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From making individual parts to building the whole car, there’s a lot riding on your reputation in the automotive industry. While many non-automotive companies primarily concern themselves with the safety of their employees, your EHS department pulls double duty by also considering the safety of your end users.
Quality assurance in the auto industry has never been more paramount. In fact, your employees’ and consumers’ lives depend on it, not to mention your company’s reputation.
Like other manufacturing companies, automotive producers are turning to web-based EHS software solutions to maintain high quality standards, streamline their health and safety data, and ultimately gain an edge over their competitors.
Using enterprise EHS software as a daily operations tool can help managers understand and abide by strict quality standards, such as ISO 9001, to ensure that no substandard product leaves the production line. In addition, companies can monitor compliance and quality activities throughout their various locations and activities.
It can be seemingly impossible to recover from the damages dealt by massive auto recalls. Automotive companies are recognizing the risk-reducing features of EHS management software as a best practice, namely how it boosts consistency across global and regional markets.
Part of a solid EHS program is letting consumers who rely on your products know what you are doing to keep them safe. Simply saying you prioritize their safety is easy, but proving it can be challenging if you don’t have a way to communicate it. Implementing EHS solutions, including sustainability software, into your operations can deliver a level of transparency to all stakeholders. It allows you to showcase your division's safety metrics on how exactly you are meeting requirements and considering the safety of everyone involved. These metrics are also an important component of your company's annual sustainability report.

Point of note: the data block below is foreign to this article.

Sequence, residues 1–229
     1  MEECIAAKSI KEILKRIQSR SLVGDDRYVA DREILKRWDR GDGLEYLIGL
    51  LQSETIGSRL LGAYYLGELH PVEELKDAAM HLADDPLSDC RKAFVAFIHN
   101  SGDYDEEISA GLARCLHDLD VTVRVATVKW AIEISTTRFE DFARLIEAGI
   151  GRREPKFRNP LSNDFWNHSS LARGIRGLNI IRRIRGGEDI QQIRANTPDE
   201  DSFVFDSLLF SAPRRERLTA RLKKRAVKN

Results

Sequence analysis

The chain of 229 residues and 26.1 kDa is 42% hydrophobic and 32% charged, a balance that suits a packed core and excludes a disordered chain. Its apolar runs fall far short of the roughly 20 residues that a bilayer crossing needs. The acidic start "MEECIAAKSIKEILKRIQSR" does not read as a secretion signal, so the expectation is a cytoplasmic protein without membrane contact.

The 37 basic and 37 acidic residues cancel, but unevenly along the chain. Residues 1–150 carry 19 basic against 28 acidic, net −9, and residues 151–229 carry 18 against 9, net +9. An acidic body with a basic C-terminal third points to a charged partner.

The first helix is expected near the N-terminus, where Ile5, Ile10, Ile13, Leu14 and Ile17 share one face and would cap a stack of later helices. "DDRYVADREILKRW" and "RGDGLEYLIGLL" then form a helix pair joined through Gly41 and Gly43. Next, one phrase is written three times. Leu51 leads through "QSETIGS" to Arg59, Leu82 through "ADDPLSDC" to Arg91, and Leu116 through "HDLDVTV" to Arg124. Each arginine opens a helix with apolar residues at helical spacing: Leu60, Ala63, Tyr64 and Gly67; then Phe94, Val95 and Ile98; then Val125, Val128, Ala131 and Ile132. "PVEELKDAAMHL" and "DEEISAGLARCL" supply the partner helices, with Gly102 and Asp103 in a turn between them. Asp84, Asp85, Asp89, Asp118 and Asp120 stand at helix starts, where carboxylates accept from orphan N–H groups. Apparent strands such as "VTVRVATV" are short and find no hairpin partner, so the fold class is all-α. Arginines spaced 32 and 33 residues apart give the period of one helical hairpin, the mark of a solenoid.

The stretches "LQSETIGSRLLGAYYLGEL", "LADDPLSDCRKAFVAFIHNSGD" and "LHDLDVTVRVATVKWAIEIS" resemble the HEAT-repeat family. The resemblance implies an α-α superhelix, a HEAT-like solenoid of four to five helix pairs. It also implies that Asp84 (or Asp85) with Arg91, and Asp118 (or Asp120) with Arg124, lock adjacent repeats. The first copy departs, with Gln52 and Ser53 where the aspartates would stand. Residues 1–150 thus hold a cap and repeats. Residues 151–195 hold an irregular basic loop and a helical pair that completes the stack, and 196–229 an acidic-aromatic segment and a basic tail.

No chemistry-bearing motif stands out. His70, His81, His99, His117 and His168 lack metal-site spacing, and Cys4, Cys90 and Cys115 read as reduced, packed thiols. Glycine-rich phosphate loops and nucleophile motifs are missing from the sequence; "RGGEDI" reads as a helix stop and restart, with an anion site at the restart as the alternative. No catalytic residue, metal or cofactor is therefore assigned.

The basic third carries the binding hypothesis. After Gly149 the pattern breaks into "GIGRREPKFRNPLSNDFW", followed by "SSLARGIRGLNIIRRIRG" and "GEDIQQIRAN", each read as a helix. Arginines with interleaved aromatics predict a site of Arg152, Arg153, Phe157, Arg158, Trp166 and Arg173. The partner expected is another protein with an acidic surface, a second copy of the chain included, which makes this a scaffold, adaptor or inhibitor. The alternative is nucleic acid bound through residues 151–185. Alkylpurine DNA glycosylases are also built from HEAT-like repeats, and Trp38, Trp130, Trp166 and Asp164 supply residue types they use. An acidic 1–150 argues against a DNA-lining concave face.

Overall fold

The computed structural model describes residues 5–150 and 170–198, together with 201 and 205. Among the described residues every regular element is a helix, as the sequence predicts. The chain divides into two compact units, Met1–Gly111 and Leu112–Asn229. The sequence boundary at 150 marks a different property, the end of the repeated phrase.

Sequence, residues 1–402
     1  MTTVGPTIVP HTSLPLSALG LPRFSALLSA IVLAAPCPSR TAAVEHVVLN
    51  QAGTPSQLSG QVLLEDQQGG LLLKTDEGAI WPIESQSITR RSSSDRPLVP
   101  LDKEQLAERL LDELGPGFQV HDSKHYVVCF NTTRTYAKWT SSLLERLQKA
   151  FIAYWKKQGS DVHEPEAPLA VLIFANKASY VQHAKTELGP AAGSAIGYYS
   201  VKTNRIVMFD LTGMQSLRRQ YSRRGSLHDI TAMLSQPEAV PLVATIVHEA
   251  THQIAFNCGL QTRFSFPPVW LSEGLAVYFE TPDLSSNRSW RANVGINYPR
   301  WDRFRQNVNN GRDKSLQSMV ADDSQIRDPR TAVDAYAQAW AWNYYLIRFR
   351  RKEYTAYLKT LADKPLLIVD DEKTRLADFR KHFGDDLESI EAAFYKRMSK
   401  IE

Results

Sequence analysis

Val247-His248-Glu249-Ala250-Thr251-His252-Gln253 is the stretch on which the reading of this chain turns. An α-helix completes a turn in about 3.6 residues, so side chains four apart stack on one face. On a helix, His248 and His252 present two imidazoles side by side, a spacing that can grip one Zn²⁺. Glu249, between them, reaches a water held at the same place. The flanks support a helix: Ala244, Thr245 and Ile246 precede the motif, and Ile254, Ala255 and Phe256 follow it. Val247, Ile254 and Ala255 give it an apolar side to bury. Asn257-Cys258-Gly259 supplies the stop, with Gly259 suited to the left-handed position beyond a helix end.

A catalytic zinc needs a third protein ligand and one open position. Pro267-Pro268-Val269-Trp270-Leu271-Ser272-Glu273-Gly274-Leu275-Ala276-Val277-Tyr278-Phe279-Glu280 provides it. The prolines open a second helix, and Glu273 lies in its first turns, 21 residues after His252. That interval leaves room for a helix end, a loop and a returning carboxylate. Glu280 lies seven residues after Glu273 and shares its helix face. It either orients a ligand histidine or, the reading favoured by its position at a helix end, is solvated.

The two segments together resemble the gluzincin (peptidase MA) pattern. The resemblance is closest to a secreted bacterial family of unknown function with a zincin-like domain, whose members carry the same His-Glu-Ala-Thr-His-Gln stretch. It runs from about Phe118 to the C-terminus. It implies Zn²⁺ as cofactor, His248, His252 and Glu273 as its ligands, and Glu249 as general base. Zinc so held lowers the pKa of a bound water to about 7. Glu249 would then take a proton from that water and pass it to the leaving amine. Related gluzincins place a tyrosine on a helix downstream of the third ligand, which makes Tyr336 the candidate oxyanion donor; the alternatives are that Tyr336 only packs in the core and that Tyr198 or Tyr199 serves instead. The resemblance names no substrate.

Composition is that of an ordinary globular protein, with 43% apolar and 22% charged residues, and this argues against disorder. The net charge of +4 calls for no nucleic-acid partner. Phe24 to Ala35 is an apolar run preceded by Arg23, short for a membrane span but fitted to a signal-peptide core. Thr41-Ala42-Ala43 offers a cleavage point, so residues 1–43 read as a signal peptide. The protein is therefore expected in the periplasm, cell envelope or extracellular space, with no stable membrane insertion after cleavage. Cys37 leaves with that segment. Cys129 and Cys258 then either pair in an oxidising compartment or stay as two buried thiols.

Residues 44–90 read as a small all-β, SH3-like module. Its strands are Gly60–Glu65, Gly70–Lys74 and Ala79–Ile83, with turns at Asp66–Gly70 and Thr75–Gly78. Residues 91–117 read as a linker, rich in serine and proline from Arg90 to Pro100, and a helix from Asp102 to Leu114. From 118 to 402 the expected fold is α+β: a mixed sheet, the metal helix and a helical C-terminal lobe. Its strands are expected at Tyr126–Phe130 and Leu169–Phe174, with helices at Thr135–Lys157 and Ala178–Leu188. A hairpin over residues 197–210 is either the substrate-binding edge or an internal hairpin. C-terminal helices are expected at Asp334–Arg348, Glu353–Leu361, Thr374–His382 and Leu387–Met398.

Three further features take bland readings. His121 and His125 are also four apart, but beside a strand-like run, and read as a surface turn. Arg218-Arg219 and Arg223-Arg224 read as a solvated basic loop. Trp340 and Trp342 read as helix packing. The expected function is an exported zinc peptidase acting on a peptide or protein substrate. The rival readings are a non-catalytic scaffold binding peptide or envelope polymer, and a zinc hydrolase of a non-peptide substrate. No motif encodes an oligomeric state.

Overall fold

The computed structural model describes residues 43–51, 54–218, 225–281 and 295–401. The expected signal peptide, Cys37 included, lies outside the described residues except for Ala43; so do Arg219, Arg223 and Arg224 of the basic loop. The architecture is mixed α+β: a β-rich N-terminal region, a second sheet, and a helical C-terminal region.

Tips for Manufacturing Workers
All jobs are risky, but some jobs are riskier than others. This is definitely true of the automotive industry.
And that’s why safety in the automotive industry should be a leading concern for employers and employees alike. If you need somewhere to start, here are three essential tips to keep everyone safe at work.
Let’s start with the basics: personal protective equipment (PPE).
If you’re working with machinery all day, there’s a lot of ways that things could go wrong. Something could fly into your eye. Toxic materials could splash on your hands. A part could fall and hit your foot.
And while you can’t plan for random workplace accidents, you can take steps to protect yourself from them. For example, wear protective glasses. Wear a hard hat. Wear steel-toed boots. Wear strong protective gloves. Even ear protection, whether it’s industrial earplugs or earmuffs, can protect your ears against noise damage and hearing loss.